Same-day delivery. Millennial mindsets. Contactless payments. While some retailers are trying to cash in on the latest trend and adjust their businesses to survive in the future, the “future” of retail may not be what you think.
In two reports released in April, The Future of Shopping and Forrester Research eCommerce Forecast, 2014 To 2019 (US), Forrester Research analyst Sucharita Mulpuru stakes out a few positions on the future of e-commerce and retail that suggests that businesses may not be investing in the right tools for future success.
Rather than focus on futuristic, hyped-up tools and gimmicks, Mulpuru suggests that retailers focus their energy on basic economic forces, brick-and-mortar, and good store personnel.
Retail Dive takes a look.
“It’s the economy, stupid”
In Mulpuru's heavily researched work The Future of Shopping, she writes that while retailers right now are fixated on the increasing exit of Baby Boomer shoppers and the arrival of heavy-spending millennials, they may not be appreciating how much basic economic forces affect shoppers of all generations.
Mulpuru looked at labor and census data from the past 40 years and has concluded that technological shifts affect all people regardless of age. And she says that, in fact, thanks to shrinking real household incomes since the 1970s in the U.S., younger people have much less spending power than their parents and grandparents.
“Older consumers have significantly greater financial power and, in aggregate, spend significantly more than consumers under 35,” she writes, noting that in 1973, households of people over 55 drove 25% of shopping spend and by 2013 drove 35%.
Meanwhile, retailers are mistaking their own tech capabilities or other efforts as failing to reach younger shoppers, when, well, “it’s the economy, stupid,” Mulpuru's research suggests.
“When retailers see lower sales figures from these demographics, they worry that they failed to address that shopper’s needs or that startups like Instagram or Venmo change how people consume. Declines in real income are bigger reasons shoppers spend less and such drops have affected young consumers more than any other group.”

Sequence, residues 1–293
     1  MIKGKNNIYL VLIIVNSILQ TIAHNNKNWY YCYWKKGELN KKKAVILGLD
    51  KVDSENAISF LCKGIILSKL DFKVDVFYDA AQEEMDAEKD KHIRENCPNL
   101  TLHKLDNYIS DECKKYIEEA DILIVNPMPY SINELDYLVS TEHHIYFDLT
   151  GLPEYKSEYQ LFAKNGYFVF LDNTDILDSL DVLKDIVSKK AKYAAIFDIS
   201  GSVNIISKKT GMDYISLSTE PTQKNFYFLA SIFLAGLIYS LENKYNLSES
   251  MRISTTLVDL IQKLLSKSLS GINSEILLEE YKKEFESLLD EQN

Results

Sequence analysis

In fact, younger shoppers will become an important spending demographic — when they age.
“While consumers in their early 20s have the lowest average household incomes, as those consumers age into the next cohort (25 to 34), they see their incomes rise significantly,” she says in her report. “Over the last forty years, shoppers over 35 consistently control 70% or more of all shopping spend.”
That suggests that, as many economists have been saying, sluggish wage growth in our current economic environment is the crucial factor in retail consumption as the other costs of living continue to rise. Wage stagnation is driving spending down and is inhibiting consumers’ willingness to use credit cards, experts say.
“I have been impressed with how reluctant consumers are to increase their debt on especially credit cards,” says Richard Curtin, director of the University of Michigan Survey of Consumers. “I wouldn’t expect a sharp increase in credit-card debt, and that’s going to limit spending at the retail level.”
Could the ‘Spotify of shopping' be a reality?
Let’s put away the now-tired notion that physical stores are going extinct. Pure-play e-commerce retailers like Warby Parker and Birchbox have noticed that people like to experience stores, look and touch, and grab things in real time.
What they are doing is morphing, and that includes some innovative thinking and new technology. Customization, thanks in part to 3-D printing technologies, for example, will help retailers give the customers exactly “what she wants.”